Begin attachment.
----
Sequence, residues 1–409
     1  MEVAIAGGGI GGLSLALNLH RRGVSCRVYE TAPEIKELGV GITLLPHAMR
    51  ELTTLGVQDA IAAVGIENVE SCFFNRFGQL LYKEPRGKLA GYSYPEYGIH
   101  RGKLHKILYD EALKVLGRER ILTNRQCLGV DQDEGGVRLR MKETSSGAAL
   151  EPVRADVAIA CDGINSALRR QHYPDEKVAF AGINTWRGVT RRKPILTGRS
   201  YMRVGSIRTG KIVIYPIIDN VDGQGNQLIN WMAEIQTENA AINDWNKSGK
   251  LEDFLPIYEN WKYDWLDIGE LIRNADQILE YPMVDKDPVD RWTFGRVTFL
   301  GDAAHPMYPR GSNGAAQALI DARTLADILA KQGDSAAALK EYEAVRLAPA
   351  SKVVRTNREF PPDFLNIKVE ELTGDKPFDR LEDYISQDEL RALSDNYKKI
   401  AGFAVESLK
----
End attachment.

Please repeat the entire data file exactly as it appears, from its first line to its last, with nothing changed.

Sequence, residues 1–409
     1  MEVAIAGGGI GGLSLALNLH RRGVSCRVYE TAPEIKELGV GITLLPHAMR
    51  ELTTLGVQDA IAAVGIENVE SCFFNRFGQL LYKEPRGKLA GYSYPEYGIH
   101  RGKLHKILYD EALKVLGRER ILTNRQCLGV DQDEGGVRLR MKETSSGAAL
   151  EPVRADVAIA CDGINSALRR QHYPDEKVAF AGINTWRGVT RRKPILTGRS
   201  YMRVGSIRTG KIVIYPIIDN VDGQGNQLIN WMAEIQTENA AINDWNKSGK
   251  LEDFLPIYEN WKYDWLDIGE LIRNADQILE YPMVDKDPVD RWTFGRVTFL
   301  GDAAHPMYPR GSNGAAQALI DARTLADILA KQGDSAAALK EYEAVRLAPA
   351  SKVVRTNREF PPDFLNIKVE ELTGDKPFDR LEDYISQDEL RALSDNYKKI
   401  AGFAVESLK